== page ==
A CTA Brown Line accident left one woman dead in Chicago’s Albany Park neighborhood, marking the second CTA fatality in less than a week.
CTA Brown Line Accident Halts Service
The fatal CTA Brown Line accident took place at around 8:46 a.m. on September 20, 2021. At that time, a 75-year-old woman was present at the CTA’s Brown Line station in the 4600 block of North Kedzie Avenue when a train hit her.
Emergency responders arrived at the scene of the CTA Brown Line accident shortly afterward. They transported the woman to Advocate Illinois Masonic Medical Center, where she was pronounced dead. A subsequent autopsy by the Cook County Medical Examiner’s Office ruled her death accidental.
The CTA Brown Line accident temporarily halted northbound and southbound service between Kimball Avenue and Belmont Avenue. Officials did not immediately release the name of the woman who died or information about the cause of the incident. Police said they were conducting an investigation.
Second Recent CTA Train Death
At least one other person was killed by a CTA train within a week of the CTA Brown Line accident.
On September 14, at approximately 8:10 a.m., a train fatally struck a 25-year-old male at the CTA Red Line station in the 1400 block of West Morse Avenue.
The Challenge of CTA Injury Claims
With more than 500 million public transportation rides taken in the Chicago area each year, the majority of them on the CTA, the probability of injury to passengers and bystanders is significant. And when people get hurt in a CTA accident through no fault of their own, they might be eligible to receive compensation for their injuries.
Nevertheless, CTA injury claims can be especially challenging. A CTA accident may have many possible causes, including distracted operators, malfunctioning signals, overloaded vehicles, defective equipment, and mechanical failure. In some cases, a non-CTA entity could be at fault. For this reason, a victim must work to determine the cause of a CTA accident as soon as possible in order to identify and pursue all of those who may be responsible.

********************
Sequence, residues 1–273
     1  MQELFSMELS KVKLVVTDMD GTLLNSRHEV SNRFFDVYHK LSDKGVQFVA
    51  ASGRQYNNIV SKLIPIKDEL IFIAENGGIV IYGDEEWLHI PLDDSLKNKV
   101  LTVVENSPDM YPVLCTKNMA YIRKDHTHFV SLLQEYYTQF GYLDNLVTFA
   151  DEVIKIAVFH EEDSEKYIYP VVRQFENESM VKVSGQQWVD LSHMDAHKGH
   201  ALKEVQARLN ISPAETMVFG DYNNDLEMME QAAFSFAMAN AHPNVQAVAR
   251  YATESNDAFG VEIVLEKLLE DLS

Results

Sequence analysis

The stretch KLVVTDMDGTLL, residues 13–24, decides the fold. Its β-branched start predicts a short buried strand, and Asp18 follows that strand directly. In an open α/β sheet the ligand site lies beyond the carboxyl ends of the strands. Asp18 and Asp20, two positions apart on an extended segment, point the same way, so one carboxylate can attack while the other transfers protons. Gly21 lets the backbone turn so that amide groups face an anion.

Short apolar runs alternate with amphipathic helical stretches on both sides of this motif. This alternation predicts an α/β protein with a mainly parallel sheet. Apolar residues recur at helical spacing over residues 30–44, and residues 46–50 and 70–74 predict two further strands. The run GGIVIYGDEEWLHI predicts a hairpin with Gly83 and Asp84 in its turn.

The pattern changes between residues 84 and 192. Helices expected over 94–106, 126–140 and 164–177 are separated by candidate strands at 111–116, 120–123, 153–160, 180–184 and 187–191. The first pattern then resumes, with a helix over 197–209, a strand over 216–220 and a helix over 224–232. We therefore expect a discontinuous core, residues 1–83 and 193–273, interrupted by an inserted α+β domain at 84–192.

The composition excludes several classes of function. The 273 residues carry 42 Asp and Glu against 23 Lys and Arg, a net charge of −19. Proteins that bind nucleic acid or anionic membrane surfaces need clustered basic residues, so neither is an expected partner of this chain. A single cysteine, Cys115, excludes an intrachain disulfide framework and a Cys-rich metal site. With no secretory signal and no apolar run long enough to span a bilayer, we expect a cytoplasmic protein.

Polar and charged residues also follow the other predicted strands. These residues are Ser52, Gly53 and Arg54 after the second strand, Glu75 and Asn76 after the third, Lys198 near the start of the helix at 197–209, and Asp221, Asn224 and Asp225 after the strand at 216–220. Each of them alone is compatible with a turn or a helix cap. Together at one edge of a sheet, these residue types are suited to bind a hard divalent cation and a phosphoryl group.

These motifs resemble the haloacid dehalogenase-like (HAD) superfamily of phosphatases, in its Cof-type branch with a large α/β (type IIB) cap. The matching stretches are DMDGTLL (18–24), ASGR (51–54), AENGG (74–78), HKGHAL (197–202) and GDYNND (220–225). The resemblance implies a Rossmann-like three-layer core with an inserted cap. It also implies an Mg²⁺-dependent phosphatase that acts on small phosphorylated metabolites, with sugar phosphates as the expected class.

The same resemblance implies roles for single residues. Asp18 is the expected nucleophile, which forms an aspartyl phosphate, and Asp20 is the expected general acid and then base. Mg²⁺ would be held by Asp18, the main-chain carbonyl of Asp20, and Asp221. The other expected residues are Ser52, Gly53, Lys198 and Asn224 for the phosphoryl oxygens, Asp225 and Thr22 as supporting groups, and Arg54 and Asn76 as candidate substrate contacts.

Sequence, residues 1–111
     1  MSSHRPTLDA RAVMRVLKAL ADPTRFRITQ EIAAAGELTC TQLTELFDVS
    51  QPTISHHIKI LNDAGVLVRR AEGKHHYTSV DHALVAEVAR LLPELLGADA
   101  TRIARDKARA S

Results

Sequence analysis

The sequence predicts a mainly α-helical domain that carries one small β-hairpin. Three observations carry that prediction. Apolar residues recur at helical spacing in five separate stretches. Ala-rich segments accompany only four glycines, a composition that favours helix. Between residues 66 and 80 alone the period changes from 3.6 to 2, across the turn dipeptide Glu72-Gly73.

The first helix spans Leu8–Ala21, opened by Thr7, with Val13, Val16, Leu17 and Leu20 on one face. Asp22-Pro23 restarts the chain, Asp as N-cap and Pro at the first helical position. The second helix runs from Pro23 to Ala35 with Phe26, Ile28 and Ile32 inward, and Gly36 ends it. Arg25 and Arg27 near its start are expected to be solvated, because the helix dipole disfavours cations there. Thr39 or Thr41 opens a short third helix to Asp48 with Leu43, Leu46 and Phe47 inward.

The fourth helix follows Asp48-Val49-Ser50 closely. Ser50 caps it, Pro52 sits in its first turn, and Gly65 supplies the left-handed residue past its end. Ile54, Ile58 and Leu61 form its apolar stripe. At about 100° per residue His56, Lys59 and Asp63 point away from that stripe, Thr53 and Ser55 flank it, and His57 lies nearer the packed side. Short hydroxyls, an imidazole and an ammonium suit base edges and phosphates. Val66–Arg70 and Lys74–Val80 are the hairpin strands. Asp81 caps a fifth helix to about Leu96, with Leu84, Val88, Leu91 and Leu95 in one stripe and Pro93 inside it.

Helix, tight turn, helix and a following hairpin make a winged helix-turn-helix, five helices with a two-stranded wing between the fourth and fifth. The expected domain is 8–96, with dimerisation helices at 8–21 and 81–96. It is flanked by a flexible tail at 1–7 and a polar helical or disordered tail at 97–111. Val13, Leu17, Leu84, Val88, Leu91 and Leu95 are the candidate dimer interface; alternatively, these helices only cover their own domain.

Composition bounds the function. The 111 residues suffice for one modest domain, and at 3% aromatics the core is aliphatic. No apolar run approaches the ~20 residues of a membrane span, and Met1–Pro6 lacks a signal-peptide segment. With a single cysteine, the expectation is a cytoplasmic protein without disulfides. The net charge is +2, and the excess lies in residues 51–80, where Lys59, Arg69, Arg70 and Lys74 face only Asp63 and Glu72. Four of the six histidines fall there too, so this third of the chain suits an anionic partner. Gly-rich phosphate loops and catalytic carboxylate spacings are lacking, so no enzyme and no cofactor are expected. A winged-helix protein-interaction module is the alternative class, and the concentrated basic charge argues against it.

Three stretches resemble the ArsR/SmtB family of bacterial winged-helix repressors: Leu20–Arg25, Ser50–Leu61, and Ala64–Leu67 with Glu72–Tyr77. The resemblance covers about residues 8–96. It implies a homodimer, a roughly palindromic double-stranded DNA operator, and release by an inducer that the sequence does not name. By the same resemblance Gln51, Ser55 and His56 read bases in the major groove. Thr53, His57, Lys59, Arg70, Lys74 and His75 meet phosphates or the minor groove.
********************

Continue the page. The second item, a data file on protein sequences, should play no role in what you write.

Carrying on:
In addition to the difficulty of establishing liability, municipal entities like the CTA enjoy certain protections under the law, including a shorter Statute of Limitations – the time a plaintiff has to file a lawsuit or otherwise resolve a claim. The Statute of Limitations for injury claims involving municipal entities is typically one year, as opposed to the two-year Statute for claims against non-municipal entities (with some exceptions). If claimants or their personal injury attorneys do not file suit before this one-year timeframe elapses, they risk never being fully and fairly compensated.
Fighting for CTA Accident Victims
Given the challenges that these types of claims may pose, CTA accident victims might consider doing what so many others have done before them and retain the services of the public transportation accident attorneys at GWC Injury Lawyers LLC.
With over $2 billion recovered in verdicts and settlements, GWC is one of the premier Personal Injury and Workers’ Compensation law firms in Illinois. No other plaintiff firm in the state commands more respect – or more fear – from its adversaries, both inside and outside of the courtroom. Our personal injury attorneys have the experience, the determination, the resources, and the reputation necessary to get you and your family the justice you deserve.
If you have been hurt in a CTA accident, contact GWC today to schedule a free, no-obligation case evaluation with one of our dedicated personal injury attorneys. You may call our office at (312) 464-1234 or click here to chat with a representative at any time.